'Radio' plays a new tune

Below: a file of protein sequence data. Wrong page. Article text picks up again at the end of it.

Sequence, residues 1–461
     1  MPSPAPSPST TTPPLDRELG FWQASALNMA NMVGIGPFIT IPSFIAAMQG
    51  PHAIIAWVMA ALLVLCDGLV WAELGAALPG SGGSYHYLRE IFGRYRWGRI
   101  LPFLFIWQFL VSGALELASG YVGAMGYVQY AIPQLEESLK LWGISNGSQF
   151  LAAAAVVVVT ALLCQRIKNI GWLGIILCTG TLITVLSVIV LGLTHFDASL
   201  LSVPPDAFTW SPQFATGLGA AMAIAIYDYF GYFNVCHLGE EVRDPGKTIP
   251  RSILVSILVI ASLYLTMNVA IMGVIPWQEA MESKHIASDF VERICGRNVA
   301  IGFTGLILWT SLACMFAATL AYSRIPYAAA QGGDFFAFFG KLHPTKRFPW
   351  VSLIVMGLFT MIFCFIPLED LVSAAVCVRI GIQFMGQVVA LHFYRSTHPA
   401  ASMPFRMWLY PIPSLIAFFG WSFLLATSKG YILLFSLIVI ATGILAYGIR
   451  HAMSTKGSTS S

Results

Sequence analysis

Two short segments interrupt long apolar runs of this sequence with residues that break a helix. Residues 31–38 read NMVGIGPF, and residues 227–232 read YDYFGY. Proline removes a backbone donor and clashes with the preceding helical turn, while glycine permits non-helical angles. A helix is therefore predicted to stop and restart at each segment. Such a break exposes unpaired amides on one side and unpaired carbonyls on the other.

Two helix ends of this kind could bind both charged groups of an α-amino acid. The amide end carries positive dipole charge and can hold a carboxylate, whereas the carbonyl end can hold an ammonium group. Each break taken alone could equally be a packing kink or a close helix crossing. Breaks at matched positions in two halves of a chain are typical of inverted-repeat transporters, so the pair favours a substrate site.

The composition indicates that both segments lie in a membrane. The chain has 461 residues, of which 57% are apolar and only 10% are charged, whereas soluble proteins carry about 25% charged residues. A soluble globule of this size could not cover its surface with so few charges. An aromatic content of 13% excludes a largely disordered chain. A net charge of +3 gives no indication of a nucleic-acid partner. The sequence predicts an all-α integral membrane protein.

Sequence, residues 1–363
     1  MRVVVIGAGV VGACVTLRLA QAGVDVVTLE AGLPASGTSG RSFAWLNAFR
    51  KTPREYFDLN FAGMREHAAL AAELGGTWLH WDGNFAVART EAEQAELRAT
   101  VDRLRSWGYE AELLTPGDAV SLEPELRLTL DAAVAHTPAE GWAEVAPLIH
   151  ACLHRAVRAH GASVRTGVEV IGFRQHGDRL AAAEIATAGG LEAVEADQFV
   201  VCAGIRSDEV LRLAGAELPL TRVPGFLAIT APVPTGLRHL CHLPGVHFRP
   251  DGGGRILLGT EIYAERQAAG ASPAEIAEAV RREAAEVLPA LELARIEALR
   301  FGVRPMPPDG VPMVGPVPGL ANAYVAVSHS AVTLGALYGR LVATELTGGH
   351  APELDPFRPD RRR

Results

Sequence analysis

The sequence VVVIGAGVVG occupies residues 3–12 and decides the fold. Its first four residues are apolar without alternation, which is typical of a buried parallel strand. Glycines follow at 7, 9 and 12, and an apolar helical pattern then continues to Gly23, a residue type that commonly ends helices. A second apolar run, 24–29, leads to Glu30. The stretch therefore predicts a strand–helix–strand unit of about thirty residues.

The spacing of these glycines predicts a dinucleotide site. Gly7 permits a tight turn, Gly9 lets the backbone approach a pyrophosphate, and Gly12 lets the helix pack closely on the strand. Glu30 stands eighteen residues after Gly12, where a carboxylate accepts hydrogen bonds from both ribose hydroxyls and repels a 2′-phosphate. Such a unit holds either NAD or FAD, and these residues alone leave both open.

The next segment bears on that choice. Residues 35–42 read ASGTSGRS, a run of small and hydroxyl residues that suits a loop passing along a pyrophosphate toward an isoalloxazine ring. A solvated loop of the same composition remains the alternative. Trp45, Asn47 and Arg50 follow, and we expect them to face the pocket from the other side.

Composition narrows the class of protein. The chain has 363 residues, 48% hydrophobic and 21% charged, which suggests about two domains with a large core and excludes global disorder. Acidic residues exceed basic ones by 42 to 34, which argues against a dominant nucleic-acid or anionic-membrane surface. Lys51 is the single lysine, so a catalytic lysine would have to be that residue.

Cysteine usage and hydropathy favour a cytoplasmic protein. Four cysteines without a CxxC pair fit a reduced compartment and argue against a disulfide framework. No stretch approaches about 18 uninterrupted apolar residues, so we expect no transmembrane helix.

NEW HAVEN, Conn. — Playwright August Wilson is turning to a new director for the world premiere of “Radio Golf,” the concluding work of his 10-play, decade-by-decade cycle chronicling the African-American experience in the 20th century.Timothy Douglas, associate artistic director for Kentucky’s Actors Theater of Louisville for four years, will stage the premiere at Yale Repertory Theater in New Haven. It runs April 22-May 14. A 43-year-old grad of Yale School of Drama, Douglas has largely worked as an actor and director in regional theater. He staged two Wilson plays while at Louisville. A second production of “Radio Golf” is scheduled at Los Angeles’ Mark Taper Forum starting in late July. Set in the 1990s, “Radio Golf” marks Wilson’s return to Yale Rep, which launched the epic cycle of plays with “Ma Rainey’s Black Bottom” in the mid-’80s. The Rep premiered many of Wilson’s early plays through the ’80s, staged by then-artistic director Lloyd Richards, who discovered the Pulitzer-winning playwright at the O’Neill Theater Center. Wilson’s latest play, “Gem of the Ocean,” is playing on Broadway starring Phylicia Rashad. That production caused headlines in November when longtime Wilson producer Ben Mordecai — also associate dean at Yale School of Drama — failed to secure financing for the New York-bound show following its troubled Boston run. During that tryout, the play saw a change in cast (Delroy Lindo ankled) and director (longtime collaborator Marion McClinton became ill and was replaced by Kenny Leon). A new production team secured financing to bring the show to Broadway, where it opened last month to strong reviews. “Radio Golf” centers on a proposed demolition of the Pittsburgh home owned by Aunt Esther, a character referenced throughout the play cycle who is seen onstage for the first time in “Gem of the Ocean.”
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